In a workplace survey of more than 46,00o adults, Ruth Striegel, PhD, of Wesleyan University found that 7.5 percent of men (compared to 11.2 percent of women) experienced one or more binge-eating episodes during the previous month and that the negative effects associated with binge eating – including depression, distress and obesity – were experienced by males as well as females. They also showed that binge eating hurt work productivity. “Our data suggest that binge eating in men is associated with significant functional impairment,” the researchers wrote.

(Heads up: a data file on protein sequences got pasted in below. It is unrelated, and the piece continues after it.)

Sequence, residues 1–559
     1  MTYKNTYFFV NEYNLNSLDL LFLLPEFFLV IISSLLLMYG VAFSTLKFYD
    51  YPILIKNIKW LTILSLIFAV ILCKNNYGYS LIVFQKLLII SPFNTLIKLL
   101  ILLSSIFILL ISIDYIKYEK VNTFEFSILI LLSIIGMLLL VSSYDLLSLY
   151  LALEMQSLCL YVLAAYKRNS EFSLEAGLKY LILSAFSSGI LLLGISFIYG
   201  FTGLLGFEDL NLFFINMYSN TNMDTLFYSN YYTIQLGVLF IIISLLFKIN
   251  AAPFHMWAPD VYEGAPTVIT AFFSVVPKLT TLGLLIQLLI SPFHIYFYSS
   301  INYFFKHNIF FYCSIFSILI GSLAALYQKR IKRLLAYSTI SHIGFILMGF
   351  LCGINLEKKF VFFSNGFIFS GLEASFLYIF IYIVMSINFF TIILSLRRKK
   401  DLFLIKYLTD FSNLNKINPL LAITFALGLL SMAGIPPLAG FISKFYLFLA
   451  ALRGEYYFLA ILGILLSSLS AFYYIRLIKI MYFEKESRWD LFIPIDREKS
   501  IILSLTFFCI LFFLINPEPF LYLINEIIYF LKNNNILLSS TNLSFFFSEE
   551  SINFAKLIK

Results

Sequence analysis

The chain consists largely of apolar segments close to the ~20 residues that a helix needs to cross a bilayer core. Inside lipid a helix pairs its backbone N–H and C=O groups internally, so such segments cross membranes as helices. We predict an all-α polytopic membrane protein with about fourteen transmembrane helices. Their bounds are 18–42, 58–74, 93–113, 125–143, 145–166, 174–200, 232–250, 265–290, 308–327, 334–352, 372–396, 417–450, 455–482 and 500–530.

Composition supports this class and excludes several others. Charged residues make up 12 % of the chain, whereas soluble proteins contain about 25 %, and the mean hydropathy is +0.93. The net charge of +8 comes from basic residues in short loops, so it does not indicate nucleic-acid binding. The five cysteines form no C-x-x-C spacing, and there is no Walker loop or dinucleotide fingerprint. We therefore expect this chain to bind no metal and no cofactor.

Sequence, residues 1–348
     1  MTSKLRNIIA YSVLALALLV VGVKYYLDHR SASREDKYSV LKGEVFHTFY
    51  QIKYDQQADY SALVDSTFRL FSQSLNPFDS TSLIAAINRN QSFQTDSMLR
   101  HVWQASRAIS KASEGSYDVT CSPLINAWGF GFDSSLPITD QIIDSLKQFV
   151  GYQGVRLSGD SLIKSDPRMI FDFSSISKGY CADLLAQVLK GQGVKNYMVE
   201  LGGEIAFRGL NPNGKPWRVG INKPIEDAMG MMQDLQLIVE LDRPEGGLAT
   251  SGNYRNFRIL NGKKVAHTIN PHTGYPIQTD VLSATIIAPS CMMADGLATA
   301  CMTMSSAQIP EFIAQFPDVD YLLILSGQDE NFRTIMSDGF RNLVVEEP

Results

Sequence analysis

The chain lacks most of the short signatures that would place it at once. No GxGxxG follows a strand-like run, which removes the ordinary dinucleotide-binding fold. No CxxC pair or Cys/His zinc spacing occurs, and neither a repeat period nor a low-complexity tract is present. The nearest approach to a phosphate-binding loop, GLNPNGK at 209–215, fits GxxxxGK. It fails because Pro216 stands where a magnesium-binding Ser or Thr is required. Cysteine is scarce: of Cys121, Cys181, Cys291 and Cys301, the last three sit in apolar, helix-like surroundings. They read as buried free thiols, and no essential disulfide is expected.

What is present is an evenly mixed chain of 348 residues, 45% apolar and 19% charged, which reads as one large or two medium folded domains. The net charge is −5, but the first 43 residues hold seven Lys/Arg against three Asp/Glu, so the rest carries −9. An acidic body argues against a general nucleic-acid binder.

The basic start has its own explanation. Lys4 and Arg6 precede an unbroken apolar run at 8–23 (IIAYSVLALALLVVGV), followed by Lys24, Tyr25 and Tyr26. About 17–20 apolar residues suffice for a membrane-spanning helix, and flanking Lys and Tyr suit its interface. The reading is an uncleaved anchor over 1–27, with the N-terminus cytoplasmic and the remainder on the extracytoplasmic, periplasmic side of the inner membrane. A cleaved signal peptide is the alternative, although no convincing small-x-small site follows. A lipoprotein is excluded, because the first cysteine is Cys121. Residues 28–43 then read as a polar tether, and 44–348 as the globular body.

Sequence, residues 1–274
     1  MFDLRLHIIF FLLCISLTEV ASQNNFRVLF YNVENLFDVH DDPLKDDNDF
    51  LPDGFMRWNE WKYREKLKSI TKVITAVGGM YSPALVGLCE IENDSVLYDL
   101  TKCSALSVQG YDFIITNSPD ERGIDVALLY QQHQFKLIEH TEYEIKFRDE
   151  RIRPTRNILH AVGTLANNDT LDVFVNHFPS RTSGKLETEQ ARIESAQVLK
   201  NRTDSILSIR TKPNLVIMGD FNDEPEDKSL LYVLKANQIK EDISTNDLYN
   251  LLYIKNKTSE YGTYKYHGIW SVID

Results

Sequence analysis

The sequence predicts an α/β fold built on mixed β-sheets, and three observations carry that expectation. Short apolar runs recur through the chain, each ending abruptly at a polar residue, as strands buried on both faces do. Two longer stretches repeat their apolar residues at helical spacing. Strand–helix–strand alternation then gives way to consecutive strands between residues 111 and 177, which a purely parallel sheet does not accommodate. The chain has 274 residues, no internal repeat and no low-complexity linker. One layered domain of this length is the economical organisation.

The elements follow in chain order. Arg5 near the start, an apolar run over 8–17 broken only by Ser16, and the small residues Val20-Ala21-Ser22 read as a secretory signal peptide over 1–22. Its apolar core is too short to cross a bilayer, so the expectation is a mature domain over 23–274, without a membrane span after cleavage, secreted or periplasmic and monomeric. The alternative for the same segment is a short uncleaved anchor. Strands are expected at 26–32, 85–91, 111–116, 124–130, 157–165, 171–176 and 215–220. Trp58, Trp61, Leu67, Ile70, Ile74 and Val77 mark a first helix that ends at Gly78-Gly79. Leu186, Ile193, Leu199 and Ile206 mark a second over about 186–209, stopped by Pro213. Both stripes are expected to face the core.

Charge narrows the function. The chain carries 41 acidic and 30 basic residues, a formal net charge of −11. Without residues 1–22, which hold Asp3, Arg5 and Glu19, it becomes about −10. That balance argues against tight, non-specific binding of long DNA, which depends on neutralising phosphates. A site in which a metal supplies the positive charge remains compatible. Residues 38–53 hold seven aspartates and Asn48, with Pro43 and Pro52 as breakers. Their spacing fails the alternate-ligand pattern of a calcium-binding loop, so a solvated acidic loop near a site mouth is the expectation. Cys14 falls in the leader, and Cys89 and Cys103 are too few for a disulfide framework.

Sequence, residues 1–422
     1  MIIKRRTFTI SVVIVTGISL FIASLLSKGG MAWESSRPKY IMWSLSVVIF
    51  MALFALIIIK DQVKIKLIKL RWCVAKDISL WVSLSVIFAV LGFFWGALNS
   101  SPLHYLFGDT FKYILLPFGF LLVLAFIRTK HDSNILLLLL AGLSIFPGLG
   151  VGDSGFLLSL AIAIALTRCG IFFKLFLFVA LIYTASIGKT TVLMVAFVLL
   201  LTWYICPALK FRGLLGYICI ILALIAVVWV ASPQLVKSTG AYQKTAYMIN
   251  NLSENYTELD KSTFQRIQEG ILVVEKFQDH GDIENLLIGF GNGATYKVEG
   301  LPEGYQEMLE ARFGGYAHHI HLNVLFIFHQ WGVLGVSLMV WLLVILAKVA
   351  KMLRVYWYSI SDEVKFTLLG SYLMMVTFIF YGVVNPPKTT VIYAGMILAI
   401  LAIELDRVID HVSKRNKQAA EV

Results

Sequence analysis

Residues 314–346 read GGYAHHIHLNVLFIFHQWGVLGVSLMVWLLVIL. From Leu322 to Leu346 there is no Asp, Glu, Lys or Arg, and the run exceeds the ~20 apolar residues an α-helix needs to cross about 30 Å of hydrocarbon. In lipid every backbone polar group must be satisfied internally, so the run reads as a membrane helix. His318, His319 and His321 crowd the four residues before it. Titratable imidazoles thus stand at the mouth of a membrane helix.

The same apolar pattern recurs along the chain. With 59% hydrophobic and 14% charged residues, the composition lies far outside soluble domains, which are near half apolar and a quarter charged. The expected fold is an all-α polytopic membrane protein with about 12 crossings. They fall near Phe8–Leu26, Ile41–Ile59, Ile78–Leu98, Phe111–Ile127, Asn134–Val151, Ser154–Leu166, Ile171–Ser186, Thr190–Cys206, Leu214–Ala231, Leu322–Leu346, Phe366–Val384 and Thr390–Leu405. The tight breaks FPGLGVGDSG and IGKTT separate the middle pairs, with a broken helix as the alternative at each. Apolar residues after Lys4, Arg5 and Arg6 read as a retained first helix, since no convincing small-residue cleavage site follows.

Striegel and her colleagues also noted that few binge-eating studies have included men – and that men are especially underrepresented in treatment studies. They concluded that:
The underrepresentation of men in treatment-seeking samples does not appear to reflect lower levels of impairment in men versus women. Efforts are needed to raise awareness of the clinical significance of binge eating in men so that this group can receive appropriate screening and treatment services.
Previously: What a teenager wishers her parents knew about eating disorders, Stanford’s eating disorder program owes its success to holistic treatment and KQED health program examines causes and effects of disordered eating
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